After settling his differences with a Japanese PoW camp commander, a British colonel co-operates to oversee his men's construction of a railway bridge for their captors - while oblivious to a plan by the Allies to destroy it.
When a mutual friend is killed by a mob boss, two con men, one experienced and one young try to get even by pulling off the big con on the mob boss. The story unfolds with several twists and last minute alterations. Written by
John Vogel <email@example.com>
Chicago Mayor Richard J. Daley had refused for two years to allow any filming in the city if it was depicted negatively, but allowed the producers of this film to shoot there for three days. See more »
Hooker tells Lonnegan he's from the East Side of New York.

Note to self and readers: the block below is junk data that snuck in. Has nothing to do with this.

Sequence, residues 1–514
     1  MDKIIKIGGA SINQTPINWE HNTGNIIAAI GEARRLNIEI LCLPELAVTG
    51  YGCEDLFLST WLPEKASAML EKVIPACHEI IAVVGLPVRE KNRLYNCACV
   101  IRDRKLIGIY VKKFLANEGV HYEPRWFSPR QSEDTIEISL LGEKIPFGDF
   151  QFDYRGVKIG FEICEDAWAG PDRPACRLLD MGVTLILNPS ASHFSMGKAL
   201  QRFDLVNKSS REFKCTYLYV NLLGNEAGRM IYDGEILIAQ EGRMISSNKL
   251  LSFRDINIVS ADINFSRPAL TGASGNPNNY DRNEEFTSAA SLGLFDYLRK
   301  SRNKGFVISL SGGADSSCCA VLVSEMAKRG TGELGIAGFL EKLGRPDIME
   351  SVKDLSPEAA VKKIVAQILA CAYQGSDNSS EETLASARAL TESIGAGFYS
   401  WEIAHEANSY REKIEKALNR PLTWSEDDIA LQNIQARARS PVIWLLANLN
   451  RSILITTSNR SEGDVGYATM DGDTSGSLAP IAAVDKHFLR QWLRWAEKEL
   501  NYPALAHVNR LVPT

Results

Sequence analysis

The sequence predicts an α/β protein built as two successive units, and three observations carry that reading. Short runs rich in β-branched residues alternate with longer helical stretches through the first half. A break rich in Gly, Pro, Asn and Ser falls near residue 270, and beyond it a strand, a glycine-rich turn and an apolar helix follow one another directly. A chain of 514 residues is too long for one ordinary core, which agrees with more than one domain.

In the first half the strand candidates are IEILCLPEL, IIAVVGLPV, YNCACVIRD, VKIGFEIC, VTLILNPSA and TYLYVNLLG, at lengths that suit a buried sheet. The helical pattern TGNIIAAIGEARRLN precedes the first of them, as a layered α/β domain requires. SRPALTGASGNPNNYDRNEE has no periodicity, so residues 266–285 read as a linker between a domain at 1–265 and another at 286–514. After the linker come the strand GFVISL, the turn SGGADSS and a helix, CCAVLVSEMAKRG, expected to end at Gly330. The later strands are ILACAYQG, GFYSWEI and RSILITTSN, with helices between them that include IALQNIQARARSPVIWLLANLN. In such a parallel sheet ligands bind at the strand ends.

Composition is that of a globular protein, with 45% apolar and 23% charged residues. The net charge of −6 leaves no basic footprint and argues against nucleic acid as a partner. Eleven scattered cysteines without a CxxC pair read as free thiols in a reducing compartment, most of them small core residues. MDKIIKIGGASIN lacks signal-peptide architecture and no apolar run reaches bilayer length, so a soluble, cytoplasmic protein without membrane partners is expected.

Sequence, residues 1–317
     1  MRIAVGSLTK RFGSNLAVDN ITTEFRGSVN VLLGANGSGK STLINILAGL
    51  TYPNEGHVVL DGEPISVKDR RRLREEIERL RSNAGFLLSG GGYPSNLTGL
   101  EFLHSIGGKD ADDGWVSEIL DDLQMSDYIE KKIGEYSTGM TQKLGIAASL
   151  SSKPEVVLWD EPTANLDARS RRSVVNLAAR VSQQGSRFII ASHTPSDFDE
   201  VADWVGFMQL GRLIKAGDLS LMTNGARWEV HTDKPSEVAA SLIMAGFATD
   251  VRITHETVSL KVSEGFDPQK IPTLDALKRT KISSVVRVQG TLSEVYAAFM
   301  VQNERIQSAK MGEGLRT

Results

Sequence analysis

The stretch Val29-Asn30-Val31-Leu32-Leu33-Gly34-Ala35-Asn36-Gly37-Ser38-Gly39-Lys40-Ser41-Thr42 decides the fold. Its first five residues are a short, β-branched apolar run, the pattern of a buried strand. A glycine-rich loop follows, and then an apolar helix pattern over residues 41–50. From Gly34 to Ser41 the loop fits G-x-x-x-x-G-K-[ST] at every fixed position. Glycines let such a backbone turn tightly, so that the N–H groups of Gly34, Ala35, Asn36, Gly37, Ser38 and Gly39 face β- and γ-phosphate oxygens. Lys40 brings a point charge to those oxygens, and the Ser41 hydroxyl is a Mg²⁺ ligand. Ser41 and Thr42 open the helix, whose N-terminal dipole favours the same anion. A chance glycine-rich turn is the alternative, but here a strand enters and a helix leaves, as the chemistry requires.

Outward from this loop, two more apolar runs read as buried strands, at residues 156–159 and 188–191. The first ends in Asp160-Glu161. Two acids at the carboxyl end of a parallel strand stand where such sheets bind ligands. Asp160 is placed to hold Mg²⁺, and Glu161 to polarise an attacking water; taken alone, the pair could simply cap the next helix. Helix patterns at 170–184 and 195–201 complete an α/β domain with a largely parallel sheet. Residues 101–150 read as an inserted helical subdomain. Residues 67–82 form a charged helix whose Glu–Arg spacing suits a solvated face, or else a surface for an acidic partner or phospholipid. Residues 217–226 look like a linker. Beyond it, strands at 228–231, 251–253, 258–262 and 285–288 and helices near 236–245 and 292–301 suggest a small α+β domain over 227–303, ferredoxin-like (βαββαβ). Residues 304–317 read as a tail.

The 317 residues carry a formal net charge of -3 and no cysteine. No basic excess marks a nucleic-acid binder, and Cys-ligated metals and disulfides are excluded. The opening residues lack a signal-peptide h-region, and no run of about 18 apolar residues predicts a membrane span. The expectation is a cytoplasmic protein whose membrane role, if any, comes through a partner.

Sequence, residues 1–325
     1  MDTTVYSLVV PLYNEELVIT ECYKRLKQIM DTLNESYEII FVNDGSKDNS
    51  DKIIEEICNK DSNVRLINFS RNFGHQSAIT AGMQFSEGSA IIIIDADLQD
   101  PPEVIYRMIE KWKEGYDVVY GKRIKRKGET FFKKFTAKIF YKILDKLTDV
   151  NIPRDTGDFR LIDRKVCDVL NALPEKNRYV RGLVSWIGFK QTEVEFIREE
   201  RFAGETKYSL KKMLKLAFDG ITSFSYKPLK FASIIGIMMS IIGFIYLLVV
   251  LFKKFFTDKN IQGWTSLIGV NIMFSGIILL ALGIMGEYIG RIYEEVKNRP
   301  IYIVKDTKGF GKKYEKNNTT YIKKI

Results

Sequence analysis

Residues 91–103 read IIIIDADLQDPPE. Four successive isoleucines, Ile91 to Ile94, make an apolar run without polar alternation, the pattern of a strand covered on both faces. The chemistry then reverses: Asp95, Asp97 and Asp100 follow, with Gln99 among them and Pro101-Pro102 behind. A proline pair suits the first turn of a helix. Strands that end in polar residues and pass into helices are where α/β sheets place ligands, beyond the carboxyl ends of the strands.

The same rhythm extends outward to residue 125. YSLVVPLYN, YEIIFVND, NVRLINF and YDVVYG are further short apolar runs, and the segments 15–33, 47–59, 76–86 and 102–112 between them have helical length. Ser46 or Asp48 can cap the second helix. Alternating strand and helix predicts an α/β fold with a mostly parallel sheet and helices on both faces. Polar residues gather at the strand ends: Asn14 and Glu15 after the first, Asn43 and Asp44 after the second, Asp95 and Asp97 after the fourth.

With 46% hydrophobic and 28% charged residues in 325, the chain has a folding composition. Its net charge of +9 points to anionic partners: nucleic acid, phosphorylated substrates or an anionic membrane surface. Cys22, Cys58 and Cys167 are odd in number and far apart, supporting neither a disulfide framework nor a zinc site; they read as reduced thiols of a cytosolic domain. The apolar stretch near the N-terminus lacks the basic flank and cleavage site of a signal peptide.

Yet he doesn't even have the slightest trace of an accent. See more »
[Gondorff enters the poker game pretending to be drunk]
Sorry I'm late. I was taking a crap.
See more »
The opening animated logo for Universal Pictures is in 1930s style, matching the movie's setting, instead of the 1970s version. See more »
I agree 100 percent that this is a wonderful movie. I first saw it over 30 years ago, and it remains vivid in my mind while I can't remember zip about movies I saw last week which others have praised and I found wanting. I can't think of another film about double and triple crosses that deserves to be mentioned in the same sentence with "The Sting" (which doesn't mean that some of the others haven't been good). In addition to all the things that others have praised, one of the most memorable features of this film is the use of a Scott Joplin rag, which both lends a distinctive period touch and adds a sense of fast-paced motion to the action. I'm not much for ranking films -- top five, top ten, top 250 -- but this is one of the best. If you haven't already seen it, drop everything and find the DVD. As pure entertainment, it can't be beat.
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